A Passion for History: National History Day

National History Day is a competition for middle and high schoolers, created to ensure that future generations of students stay interested in history education. Entries in this competition are entirely student-created, from the choice of topic, to primary and secondary research, to analysis and relation to an annual theme. What I’ve learned from the process has been applicable to a myriad of aspects of my life.

This year, I created a historical documentary entitled Obstruction of Justice: The Constitutional Legacy of Nixon’s Leadership in Watergate and made it to the finals round (top-nine entries in its category) of the NHD California competition.

History comes alive for me through National History Day, and I’m sure many other NHD participants would agree with me in an instant. To compare NHD and a history class would be like comparing reading a travel guide about Paris and a trip to Paris. They’re incomparable. NHD changed my life in every aspect imaginable, even outside of school.

First and foremost, National History Day ignited in me an appreciation for all of those from our past. Each individual shaped history, whether or not they are remembered in our history textbooks.

NHD improved my social skills. As a result of conducting numerous primary and secondary interviews, I’ve become more comfortable with speaking to people in professional situations, a skill I know I will need when I enter the workforce.

NHD reinforced my belief that your hardest work leads to the achievements people pride the most. Some of the work I pride in the most from throughout educational career are my NHD entries, because they showcase some of my hardest work.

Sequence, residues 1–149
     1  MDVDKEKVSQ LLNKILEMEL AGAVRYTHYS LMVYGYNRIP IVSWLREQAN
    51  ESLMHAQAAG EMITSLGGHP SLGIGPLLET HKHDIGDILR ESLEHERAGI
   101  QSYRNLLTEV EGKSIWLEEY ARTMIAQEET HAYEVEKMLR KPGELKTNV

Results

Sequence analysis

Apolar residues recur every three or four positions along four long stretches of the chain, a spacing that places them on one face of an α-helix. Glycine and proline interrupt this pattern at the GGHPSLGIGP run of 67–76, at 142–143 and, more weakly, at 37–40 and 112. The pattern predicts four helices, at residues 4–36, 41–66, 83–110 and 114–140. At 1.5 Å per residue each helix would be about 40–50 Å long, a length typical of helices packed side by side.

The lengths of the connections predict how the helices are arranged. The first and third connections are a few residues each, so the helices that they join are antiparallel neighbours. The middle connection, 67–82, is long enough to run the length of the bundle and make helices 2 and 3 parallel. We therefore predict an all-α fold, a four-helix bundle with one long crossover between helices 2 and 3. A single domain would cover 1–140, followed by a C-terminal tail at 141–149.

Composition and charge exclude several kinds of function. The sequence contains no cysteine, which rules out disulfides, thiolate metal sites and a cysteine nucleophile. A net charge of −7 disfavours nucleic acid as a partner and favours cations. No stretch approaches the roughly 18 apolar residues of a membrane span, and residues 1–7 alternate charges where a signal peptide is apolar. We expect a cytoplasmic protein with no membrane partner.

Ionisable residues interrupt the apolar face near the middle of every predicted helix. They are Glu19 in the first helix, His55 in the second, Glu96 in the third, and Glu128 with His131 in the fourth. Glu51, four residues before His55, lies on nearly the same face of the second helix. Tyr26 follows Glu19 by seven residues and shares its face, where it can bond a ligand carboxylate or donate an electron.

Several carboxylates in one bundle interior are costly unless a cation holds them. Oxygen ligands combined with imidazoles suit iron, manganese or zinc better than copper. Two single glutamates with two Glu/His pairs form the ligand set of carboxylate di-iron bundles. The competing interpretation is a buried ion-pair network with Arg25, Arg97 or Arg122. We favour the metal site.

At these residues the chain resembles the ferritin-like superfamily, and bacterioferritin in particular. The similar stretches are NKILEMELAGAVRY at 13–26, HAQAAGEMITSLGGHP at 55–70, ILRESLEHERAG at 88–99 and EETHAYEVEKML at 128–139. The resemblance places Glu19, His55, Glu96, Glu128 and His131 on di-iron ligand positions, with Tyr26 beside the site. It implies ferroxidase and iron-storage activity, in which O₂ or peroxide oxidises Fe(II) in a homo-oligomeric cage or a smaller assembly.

Lastly, NHD has encouraged me to continue pursuing my deepest interests. I participate in NHD year after year because I enjoy learning about history. In addition, studying so much political history for my documentary has inspired me to consider the legal field as a career.

Every SHC teacher I’ve had has encouraged me to pursue my passion for history. SHC teachers have even graciously devoted time to helping me throughout NHD. Mr. Standley, for example, allowed me to interview him about his knowledge of civics and the current implications of Watergate outside of class as a part of my research process. The support I’ve received from SHC for NHD is beyond anything I could’ve asked for.

Being a fourth-year competitor, I am familiar with the NHD process, yet NHD never fails to teach me something new. Learning takes on an entirely different meaning when you personally choose to make the most out of your experience. National History Day has allowed me to have this experience.

NHD Emily Tam 2

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